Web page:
Growing up in Chilmark, she learned some old Vineyard signs from her great-grandmother Emily, who could hear. But at age nine, Joan didn’t know how significant these signs were; she thought they might be Indian.

In November 1977, at age nineteen, Joan led a team of Ph.D.’s from the New England Sign Language Society to Martha’s Vineyard, and over two days coaxed three hearing Islanders to recall a language they had not used in fifty years. On rudimentary video equipment, they captured some two hundred Vineyard signs.

The signs Joan saved on those two November afternoons are elegant both in logic and simplicity. At the Chilmark Store, a deaf fisherman (or a hearing one, to keep the news from a stranger at his elbow) would hook both index fingers in the same direction to tell Rex Weeks, the hearing storekeeper, that he had landed a swordfish. These hooks represented the dorsal and tail fins of a swordfish breaking the water. Just as on the mainland, on the Vineyard “boat” was signed with two cupped hands moving from the body as if over waves. But to say “sailboat,” the mainland deaf lifted their thumbs from this gesture to signify a mast, while Vineyarders simply tilted their hands to one side, meaning a boat that heels over.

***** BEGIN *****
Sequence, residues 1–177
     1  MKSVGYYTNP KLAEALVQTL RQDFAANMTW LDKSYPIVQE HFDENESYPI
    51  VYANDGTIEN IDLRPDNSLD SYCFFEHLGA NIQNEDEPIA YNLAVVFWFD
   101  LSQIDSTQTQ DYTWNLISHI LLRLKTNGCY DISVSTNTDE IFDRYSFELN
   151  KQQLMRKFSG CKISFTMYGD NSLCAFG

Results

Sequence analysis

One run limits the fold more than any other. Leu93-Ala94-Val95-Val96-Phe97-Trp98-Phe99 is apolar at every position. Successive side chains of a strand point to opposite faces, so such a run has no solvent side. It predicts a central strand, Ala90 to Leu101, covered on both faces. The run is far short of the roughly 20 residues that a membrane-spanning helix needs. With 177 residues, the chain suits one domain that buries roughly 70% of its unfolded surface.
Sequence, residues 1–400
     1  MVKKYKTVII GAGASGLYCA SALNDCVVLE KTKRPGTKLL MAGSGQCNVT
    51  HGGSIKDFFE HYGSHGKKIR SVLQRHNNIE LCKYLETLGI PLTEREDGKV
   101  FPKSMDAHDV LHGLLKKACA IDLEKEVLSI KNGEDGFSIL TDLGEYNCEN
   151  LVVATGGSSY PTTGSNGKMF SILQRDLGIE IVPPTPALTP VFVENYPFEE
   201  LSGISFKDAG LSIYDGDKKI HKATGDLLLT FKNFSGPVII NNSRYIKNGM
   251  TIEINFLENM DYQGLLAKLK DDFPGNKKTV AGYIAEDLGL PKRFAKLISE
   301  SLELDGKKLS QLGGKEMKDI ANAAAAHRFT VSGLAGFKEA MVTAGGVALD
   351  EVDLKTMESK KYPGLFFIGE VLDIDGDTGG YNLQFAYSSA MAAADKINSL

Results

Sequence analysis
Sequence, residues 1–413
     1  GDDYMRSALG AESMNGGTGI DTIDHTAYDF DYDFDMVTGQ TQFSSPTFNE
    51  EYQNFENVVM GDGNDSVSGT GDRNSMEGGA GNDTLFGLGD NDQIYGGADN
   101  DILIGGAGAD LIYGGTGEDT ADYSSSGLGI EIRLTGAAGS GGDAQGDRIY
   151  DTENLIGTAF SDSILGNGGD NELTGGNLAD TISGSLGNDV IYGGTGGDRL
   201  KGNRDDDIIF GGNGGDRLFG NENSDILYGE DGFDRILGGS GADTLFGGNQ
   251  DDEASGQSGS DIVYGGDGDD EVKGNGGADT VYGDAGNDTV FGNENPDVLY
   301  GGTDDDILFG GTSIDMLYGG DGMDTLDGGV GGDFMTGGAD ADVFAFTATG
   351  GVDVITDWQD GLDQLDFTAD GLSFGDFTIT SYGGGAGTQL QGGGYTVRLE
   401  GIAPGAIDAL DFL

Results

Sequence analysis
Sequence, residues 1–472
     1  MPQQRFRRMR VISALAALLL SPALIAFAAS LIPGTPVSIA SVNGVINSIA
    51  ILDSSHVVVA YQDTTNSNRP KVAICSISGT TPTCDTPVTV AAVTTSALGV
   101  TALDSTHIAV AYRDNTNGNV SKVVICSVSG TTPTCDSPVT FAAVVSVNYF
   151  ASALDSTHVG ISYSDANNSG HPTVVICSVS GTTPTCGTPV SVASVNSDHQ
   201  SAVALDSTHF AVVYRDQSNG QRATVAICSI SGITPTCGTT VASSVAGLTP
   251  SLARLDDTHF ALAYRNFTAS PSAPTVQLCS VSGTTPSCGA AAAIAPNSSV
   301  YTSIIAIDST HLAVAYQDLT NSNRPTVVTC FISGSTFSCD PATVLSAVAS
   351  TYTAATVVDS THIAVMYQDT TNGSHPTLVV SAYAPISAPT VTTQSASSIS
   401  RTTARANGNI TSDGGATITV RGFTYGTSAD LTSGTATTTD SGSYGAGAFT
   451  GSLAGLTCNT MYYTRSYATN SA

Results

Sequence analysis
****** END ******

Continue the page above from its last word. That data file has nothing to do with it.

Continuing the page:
Between 1825 and 1870, Martha’s Vineyard sent more children and more families to what would become the American School for the Deaf in Hartford, Connecticut, than any other area in the country. The national sign language was still new, still malleable. And into the school charged the Mayhews and Luces, Tiltons and Wests – lively Vineyard youngsters with a language all their own. Joan Poole has a theory about what happened next:

“The rest of the kids wouldn’t have been as fluent as the Vineyard kids. Probably the first Vineyard students were thought to be taking the beautiful [newly imported] French signs and distorting them, just destroying them....The teacher is standing up there signing ‘cat’ his way, and as a Vineyarder you’re going to still sign ‘cat’ your way.” Joan reasons that the national sign language was finally woven together from the French system and from the Vineyard’s. It is a contribution too long overlooked. American Sign Language owes a special debt to a seaside community as unique as it was silent, a place where the word “handicap” had to be spelled out.

Update: The library at the Martha’s Vineyard Museum in Edgartown now has an extensive collection of materials on the subject of the Island deaf population, including notes from Alexander Graham Bell (the inventor of the telephone was also a teacher of the deaf, who came to the Vineyard to study the occurrences late in the nineteenth century); contemporary newspapers and census records from the period; and a thesis on the subject by Nora Ellen Groce, author of the seminal book on the subject: Everyone Here Spoke Sign Language (Harvard University Press, 1985).

The edited excerpt above is from an article by Tom Dunlop that ran in May–June 1991.

May Day 1964 

In an oral history interview, the late Nancy Whiting, a co-founder of the Martha’s Vineyard chapter of the National Association for the Advancement of Colored People, told this story about a trip she took with four other Island women (Polly Murphy, Peg Lilienthal, Virginia Mazer, and Nancy Smith) to Williamston, North Carolina, to support the struggle of blacks to register to vote.